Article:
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4.6 End-of-Chapter Material
The United States and Canada are two countries with a great deal in common: their large territories, their histories of European colonization, their immigrant populations, and their high standards of living.
Both the United States and Canada are becoming less European as immigrants arrive from outside Europe. In the case of the United States, the largest group of immigrants is from Latin America. For Canada, the largest group of immigrants is from Asia.
The United States and Canada are both countries with a small native population, although in Canada native people have achieved more self-representation than in the United States, especially since the creation of Nunavut.
Quebec, the French-speaking heart of Canada, has struggled for years to maintain its cultural uniqueness without risking its economic well-being.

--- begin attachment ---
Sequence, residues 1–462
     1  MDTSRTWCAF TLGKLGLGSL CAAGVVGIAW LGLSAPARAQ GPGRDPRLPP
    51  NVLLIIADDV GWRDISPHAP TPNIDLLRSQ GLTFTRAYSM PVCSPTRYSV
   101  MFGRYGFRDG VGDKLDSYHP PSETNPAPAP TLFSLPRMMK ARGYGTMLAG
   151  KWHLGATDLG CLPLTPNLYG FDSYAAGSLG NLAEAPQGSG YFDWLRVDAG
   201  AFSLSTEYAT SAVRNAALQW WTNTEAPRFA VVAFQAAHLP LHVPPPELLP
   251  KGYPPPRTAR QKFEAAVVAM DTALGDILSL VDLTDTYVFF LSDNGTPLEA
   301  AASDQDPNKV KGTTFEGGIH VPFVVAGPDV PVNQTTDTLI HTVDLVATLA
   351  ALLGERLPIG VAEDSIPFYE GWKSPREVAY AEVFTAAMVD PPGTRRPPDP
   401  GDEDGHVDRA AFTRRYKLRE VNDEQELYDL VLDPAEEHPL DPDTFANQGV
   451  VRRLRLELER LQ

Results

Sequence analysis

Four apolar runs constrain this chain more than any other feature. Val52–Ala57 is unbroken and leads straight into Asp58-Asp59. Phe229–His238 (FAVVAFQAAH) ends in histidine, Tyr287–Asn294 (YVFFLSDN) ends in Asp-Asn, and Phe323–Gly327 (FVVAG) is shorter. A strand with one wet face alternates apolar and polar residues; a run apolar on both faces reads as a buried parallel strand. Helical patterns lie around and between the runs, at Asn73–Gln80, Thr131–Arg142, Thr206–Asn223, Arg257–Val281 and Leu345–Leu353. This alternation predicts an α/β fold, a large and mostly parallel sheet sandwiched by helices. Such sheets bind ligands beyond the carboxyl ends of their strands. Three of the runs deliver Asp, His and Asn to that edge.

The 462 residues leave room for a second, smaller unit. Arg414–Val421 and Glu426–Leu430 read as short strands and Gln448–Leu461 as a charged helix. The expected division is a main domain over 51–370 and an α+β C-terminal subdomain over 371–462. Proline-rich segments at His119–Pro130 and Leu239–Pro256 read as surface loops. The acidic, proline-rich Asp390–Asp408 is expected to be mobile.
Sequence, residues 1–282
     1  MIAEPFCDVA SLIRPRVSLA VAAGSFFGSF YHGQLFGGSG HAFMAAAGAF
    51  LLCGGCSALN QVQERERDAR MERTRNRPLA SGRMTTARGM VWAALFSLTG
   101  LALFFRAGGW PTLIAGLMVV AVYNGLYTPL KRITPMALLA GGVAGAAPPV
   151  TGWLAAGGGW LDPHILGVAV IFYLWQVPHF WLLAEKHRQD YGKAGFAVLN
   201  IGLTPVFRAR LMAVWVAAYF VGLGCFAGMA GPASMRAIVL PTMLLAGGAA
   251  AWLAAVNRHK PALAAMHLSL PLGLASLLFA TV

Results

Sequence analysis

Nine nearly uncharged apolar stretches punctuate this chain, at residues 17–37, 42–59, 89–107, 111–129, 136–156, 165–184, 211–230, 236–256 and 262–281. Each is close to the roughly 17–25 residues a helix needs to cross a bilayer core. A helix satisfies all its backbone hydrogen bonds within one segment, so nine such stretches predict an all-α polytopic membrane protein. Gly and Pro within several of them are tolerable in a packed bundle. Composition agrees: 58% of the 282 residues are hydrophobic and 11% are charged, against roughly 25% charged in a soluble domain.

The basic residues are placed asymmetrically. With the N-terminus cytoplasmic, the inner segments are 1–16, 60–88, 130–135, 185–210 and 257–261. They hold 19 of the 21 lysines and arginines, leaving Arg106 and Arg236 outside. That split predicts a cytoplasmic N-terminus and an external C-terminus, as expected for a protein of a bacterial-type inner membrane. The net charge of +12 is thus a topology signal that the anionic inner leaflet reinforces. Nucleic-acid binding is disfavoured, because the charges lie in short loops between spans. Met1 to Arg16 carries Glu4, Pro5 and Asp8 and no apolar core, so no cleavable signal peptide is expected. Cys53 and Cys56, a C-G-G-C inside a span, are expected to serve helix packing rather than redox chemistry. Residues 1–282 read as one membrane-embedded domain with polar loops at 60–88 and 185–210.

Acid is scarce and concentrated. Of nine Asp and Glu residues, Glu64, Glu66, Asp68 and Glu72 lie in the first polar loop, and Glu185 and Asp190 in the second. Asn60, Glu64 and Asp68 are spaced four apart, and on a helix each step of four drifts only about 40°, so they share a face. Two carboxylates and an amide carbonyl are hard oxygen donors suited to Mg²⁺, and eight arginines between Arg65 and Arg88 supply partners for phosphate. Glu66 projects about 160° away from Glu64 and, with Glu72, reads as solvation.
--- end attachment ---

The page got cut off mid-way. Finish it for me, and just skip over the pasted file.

Both countries are postindustrial, with service- and information-oriented economies. The United States is the world’s largest economy, and it has a history of spreading its culture, ideas, and military prowess around the globe.
North America is made up of various regions with distinct cultural or physical features. Each region has majority and minority populations based on immigration or native heritage. Economic conditions vary from region to region. The Sun Belt is attracting an ever-growing number of information-based high-tech firms.